The Split-Join is a seperate file/component in your project, so first we create a new Split-Join, when asked for an operation we use the InsertRecords operation from the exposed WeatherData service. This will automatically create a Split-Join object with a recieve and reply action, as well as a request and response variable. Keep in mind that before we can do anything with a variable in the Split-Join they need to be initialized, in this example we use an assign or copy action to intializa variables. The request variable is initialized for us since it contains the request we will be sending to the Split-Join. The response we initialize by assigning the an empty InsertRecordsResponse to it: <InsertRecordsResponse xmlns=”http://tu.delft/iot/Services/messages”/>.
I added a storeRecordResponseList because I want to collect all responses from the StoreRecord service but I don’t want to send them back as a list of tens or hundreds of response messages, instead we will process this into a single, concise InsertRecordsResponse after all the records have been processed. In a Split-Join you can add a variable by right-clicking the Variables listing. Here you pick the structure for your element. Remember how I created a Record element instead of type, just like I created an element for this list. This is where it comes in handy. Were I to use a type, the variable will automatically use the types name as the root elements name. Even if you initialize it with another root element (of the apropriate type). You could solve this by giving your types the names you would use for elements, but that would mess-up any naming convention and create a messy schema.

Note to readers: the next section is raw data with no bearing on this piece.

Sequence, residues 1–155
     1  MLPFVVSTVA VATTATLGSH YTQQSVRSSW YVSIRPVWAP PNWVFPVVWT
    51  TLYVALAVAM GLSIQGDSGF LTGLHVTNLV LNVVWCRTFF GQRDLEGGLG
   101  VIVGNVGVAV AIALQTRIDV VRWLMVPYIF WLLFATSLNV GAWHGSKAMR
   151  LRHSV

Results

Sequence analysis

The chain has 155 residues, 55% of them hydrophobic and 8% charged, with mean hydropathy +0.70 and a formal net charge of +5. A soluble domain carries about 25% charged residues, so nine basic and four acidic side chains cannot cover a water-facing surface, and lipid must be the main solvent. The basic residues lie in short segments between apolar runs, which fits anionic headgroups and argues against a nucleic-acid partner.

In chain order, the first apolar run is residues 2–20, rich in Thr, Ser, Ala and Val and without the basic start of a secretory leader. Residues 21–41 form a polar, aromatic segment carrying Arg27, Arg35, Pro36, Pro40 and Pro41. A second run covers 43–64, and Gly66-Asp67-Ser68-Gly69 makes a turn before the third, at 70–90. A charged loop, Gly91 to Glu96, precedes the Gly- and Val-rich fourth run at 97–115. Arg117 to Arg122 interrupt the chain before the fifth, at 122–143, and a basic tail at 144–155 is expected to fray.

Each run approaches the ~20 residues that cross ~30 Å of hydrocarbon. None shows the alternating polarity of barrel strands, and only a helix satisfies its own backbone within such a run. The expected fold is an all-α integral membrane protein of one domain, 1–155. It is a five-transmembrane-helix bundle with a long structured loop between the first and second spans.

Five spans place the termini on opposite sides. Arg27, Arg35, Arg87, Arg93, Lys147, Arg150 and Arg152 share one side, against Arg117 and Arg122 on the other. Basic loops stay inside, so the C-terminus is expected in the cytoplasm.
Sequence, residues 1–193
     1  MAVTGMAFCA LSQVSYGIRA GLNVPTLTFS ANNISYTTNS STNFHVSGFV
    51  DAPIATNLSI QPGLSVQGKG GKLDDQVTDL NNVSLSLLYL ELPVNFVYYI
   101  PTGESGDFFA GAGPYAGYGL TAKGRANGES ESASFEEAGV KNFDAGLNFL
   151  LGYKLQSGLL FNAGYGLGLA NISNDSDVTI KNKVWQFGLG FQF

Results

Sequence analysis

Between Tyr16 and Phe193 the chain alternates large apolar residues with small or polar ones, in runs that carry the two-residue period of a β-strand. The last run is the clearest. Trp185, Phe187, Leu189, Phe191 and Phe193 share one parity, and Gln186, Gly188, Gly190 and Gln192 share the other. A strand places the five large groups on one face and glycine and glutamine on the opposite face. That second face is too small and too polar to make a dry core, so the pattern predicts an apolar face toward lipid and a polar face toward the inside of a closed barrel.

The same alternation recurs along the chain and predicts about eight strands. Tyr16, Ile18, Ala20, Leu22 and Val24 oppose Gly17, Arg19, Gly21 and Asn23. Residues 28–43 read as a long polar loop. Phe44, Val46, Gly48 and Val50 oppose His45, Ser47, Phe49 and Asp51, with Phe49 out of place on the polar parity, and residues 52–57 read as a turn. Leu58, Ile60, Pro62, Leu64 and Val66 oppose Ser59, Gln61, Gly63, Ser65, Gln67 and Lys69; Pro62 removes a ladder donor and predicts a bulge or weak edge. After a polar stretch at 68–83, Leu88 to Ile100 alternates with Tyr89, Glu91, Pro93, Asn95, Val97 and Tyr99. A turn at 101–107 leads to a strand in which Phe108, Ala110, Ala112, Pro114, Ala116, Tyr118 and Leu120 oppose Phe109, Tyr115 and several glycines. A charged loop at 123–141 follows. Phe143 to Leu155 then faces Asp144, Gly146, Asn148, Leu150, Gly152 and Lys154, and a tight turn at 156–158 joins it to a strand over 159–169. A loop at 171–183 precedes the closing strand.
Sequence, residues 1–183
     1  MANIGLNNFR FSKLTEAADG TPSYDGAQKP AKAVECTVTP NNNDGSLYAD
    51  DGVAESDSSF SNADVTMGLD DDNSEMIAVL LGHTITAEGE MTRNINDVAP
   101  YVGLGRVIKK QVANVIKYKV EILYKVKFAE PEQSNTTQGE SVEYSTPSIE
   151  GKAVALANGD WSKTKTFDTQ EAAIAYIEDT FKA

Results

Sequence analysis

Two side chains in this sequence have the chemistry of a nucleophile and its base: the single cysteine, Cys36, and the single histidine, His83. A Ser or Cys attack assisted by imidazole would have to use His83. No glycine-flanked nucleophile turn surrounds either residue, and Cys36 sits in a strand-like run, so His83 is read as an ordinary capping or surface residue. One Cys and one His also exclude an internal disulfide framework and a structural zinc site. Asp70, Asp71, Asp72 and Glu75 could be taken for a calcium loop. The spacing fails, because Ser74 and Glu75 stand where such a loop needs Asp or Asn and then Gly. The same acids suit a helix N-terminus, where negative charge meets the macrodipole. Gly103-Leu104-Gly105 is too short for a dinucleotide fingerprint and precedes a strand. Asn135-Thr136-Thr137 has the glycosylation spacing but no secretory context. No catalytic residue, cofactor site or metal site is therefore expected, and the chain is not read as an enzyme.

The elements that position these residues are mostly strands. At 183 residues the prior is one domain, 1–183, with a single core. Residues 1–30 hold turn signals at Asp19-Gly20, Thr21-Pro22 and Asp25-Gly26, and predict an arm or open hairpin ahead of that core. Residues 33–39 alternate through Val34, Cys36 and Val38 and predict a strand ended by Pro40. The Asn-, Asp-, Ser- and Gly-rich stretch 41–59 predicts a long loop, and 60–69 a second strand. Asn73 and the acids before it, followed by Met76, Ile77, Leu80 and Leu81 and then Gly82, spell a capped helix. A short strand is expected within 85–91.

Now that we have set up the basics, the real fun can begin. After the Assign Actions place a for-each component in your Split-Join. This for-each component is where the magic happens. Instead of the normal for-each component, this one is able process multiple items in parallel, and with that it is the strength of the Split-Join.